We’re not talking about blogs as a container so much any more (which is really an indicator of how mainstream they are), but blogging as a tool to push out serialised content is still huge. Look at the big magazine-style platforms, like The Conversation, Mamamia, and BubHub (yes, I just put The Conversation in the same category as Mamamia. I know. Scandalous!). These sites all run on blog posts. We just don’t necessarily talk about them being blogs. This semester I asked my undergrad IT students whether they use RSS. Two of 60+ do. Many of the others didn’t know what it was. I asked them if they read blogs, and they said no. Then I started talking to them about how they engage with content on the web, and I realised they *are* reading blogs, or engaging with syndicated, serialised content. They just don’t necessarily know that’s what they’re doing, or care about the container the content comes in, or the technology that delivers it to them.

I am a huge reader of blogs. I read blogs daily. I have a well organised subscription list in Feedly and I have a morning routine where I sit down with my coffee and I go through the latest posts. I cherry pick, reading the most interesting ones first, and invariably coming back to some of the others later when I’m procrastinating. I read everyday fashion blogs, sewing blogs, educational technology blogs, technology blogs, news blogs, education blogs, interior design blogs, and craft blogs. I read blogs written by friends, a couple of whom happen to be librarians, but I don’t read them for their library content. They are categorised in Feedly as ‘Library lovelies’, which probably tells you a lot about why I read them – they’re lovely blogs, written by lovely people whose lives I like to keep up to date with, rather than blogs about librarianship.

I’m just not reading blogs about librarianship at all, and not for lack of interest. Rather, it’s because there just aren’t that many great or active ones any more.

Closed for business

I shut up shop on my blog Virtually a Librarian about the same time I established this one. I started that blog as a very green new graduate and blogged sporadically there for five or six years. I shut up shop for a number of reasons: because my thinking had moved on and I didn’t really identify with who I was in that space anymore; because I found it challenging to blog and produce research articles at the same time; because I started my PhD and my brain filled up with that; because the twins came along and my life dramatically changed.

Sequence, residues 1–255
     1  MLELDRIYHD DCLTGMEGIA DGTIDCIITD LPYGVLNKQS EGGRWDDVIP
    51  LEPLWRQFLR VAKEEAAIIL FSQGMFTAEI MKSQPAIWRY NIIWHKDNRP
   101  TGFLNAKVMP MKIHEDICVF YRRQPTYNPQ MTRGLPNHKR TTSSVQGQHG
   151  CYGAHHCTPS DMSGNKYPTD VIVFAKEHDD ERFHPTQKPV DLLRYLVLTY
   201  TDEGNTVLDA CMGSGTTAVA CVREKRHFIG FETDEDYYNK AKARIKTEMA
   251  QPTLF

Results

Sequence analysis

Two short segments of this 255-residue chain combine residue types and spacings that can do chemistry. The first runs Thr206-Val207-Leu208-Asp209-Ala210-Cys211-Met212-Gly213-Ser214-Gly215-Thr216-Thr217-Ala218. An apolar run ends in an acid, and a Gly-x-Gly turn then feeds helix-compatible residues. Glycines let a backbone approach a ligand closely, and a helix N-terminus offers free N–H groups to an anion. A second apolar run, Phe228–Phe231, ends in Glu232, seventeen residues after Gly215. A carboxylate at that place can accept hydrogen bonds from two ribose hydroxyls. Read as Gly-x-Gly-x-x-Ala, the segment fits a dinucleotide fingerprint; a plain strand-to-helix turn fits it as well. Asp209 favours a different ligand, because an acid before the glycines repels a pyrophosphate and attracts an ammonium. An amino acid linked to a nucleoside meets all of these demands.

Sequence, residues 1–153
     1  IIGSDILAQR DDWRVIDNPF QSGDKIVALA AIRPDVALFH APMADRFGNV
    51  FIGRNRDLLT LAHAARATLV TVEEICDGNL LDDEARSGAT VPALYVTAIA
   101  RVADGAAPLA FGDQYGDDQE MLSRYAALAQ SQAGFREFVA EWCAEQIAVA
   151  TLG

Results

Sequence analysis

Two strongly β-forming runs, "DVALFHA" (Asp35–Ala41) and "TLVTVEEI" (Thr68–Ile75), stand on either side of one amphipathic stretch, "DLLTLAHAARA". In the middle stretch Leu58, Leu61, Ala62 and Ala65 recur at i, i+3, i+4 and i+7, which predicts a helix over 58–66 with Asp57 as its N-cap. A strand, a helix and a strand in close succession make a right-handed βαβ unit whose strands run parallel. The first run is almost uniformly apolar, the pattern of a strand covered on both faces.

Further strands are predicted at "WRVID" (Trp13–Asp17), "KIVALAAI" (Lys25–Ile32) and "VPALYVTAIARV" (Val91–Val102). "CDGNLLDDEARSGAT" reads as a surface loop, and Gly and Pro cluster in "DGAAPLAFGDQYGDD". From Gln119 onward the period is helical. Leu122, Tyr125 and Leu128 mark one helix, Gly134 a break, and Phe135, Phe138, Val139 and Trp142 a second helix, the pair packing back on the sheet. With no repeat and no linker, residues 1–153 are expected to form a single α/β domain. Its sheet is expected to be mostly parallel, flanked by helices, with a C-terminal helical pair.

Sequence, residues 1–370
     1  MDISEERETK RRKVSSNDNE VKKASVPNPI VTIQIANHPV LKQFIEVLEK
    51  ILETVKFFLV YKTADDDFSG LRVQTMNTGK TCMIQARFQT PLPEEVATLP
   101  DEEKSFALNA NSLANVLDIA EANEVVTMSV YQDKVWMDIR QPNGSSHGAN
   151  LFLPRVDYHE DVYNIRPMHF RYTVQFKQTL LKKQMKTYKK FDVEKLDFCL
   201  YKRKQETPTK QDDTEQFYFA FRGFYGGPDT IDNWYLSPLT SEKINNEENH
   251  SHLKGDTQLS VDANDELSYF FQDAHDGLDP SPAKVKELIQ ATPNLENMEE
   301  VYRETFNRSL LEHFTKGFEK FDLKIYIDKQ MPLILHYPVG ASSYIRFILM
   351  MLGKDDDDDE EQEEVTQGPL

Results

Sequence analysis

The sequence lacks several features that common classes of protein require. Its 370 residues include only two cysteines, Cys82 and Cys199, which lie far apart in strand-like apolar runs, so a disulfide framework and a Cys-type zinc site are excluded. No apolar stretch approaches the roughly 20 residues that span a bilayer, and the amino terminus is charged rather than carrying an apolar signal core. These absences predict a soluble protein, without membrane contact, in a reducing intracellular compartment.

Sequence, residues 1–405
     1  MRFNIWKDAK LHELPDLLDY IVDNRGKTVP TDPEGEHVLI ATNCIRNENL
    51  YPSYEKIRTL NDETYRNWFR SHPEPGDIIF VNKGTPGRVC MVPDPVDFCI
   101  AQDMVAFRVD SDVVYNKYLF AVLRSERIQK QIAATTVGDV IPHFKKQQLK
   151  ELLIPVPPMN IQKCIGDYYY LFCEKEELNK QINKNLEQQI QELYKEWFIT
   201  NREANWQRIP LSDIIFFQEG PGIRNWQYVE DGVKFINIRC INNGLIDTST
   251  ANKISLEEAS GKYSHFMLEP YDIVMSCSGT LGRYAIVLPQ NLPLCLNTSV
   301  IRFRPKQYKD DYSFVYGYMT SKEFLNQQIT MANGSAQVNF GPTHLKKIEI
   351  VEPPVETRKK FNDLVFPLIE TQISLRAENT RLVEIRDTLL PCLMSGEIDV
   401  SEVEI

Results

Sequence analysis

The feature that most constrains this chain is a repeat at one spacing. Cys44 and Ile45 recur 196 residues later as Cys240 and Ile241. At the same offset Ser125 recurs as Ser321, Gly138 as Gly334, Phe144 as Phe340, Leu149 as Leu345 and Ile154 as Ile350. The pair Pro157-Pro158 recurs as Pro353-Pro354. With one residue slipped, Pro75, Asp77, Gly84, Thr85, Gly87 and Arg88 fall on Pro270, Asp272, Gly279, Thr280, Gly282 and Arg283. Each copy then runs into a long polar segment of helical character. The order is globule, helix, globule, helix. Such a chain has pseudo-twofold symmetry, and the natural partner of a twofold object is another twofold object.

But not for lack of things to say…

I didn’t stop blogging because I had nothing to blog about. On the contrary, I’ve got a long list of topics for blog posts that I never get around to writing. My interests have diversified but I’ve still got plenty to say about professional issues, and plenty to say about related topics like educational technology, learning innovation, creativity and creative practice, leadership, social technologies, and my research. I’ve also got stuff to say about my personal life – things I want to share about what I get up to away from work.

I just rarely get round to saying any of it.

And I don’t think it’s true that the biblioblogosphere has died off because there’s nothing to talk about. Libraries are operating in a time of enormous change. In the good old days, there was a lot of blogging about social technologies, and yes, there was an invigorating, exciting and urgent vibe around technology and innovation, and that fuelled blogging. But there is *so much* happening in the library and information professions right now that we should be pulling apart, inspecting, interrogating, critiquing.

There is stuff to blog about. It’s just not happening.

And not because I’ve moved on…

Obviously I’m no longer working in libraries, but I am teaching librarians-in-the-making, and I am invested in the profession. I used to blog about front line service issues and about technology in libraries, because those were the things I was dealing with on a daily basis. My interests are more diverse, but they are still relevant to libraries and with a bit more professional maturity under my belt, I’ve probably got more useful things to say than I did back when I was blogging about Library 2.0 (including about how much I hate that term). I have a broader perspective on the industry, having seen it from a different angle for the last five years.

I’m still thinking about and working on things that have relevance to the profession. I’m just not blogging about it.

Now I was never a great blogger, but I think I can still call some of the great bloggers from the giddy naughties my ‘contemporaries’. It’s true that some of those people have moved on somewhat too, but they haven’t strayed that far either. They’ve moved up, moved into academia, and moved around, but they’re still hanging around libraries and they still have useful insights we could all benefit from.

… But because I’m poor

Time poor and thinking-space poor.